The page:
In plant breeding, humans occasionally make mistakes. Genomic selection is particularly prone to human error because it involves more steps than conventional phenotypic selection. The impact of human mistakes should be determined to evaluate the cost effectiveness of controlling human error in plant breeding. We used simulation to evaluate the impact of mislabeling, where marker scores from one plant are associated with the performance records of another plant in cassava (Manihot esculenta Crantz) breeding. Results showed that, although selection with mislabeling reduced genetic gains, scenarios including six levels of mislabeling (from 5 to 50%) persisted in achieving gain because mislabeling decreased the genetic variance lost from the population. Breeding populations with higher rates of mislabeling experienced lower selection intensity, resulting in higher genetic variance, which partially compensated for the mislabeling. For low mislabeling rates (10% or less), the increased genetic variance observed under mislabeling led to improved accuracy of the prediction model in later selection cycles. Large-scale mislabeling should therefore be prevented, but the value of preventing small-scale mislabeling depends on the effort already being invested in preventing the loss of genetic variance during the course of selection. In a program, such as the one we simulated, that makes no effort to avoid loss of genetic variance, small-scale mislabeling has a less negative effect than expected. We assume that negative effects would be greater if best practices to avoid genetic variance loss were already implemented.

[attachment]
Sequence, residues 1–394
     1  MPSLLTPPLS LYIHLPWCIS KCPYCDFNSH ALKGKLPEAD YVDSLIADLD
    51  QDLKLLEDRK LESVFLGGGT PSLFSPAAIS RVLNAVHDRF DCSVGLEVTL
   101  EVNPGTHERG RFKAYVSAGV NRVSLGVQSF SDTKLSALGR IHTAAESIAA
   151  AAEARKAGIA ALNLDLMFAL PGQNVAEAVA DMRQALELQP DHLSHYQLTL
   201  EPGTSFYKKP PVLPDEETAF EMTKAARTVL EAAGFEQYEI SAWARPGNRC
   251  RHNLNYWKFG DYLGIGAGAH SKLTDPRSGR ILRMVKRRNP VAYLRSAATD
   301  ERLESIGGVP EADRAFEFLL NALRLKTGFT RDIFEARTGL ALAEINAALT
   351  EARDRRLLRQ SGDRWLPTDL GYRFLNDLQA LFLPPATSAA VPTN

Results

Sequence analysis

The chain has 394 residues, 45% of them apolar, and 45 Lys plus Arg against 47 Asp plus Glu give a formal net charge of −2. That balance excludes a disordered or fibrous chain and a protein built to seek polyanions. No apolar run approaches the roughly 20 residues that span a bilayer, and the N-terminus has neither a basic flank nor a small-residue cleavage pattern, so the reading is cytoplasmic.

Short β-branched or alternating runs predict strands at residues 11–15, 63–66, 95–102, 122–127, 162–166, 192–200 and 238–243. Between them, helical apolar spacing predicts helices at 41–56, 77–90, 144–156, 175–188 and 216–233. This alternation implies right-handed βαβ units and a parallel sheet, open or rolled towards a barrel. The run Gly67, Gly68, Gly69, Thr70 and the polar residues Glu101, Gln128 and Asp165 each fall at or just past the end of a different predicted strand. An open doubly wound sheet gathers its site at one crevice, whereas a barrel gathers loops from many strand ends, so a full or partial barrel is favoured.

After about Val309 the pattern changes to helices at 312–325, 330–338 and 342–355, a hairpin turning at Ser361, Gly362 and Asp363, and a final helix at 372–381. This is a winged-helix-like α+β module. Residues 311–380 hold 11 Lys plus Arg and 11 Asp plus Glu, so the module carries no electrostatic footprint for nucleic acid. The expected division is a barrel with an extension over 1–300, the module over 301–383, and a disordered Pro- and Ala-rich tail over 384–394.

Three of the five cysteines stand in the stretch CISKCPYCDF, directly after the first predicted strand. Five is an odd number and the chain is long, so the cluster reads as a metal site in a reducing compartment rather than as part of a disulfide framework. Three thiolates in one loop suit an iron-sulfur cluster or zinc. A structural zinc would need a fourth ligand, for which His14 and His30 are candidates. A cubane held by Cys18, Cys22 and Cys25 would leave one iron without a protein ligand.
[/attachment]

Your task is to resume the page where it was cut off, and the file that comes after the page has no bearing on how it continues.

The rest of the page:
Yabe, S., Iwata, H., & Jannink, J. L. (2018). Impact of mislabeling on genomic selection in cassava breeding. Crop Science, 58(4), 1470–1480. https://doi.org/10.2135/cropsci2017.07.0442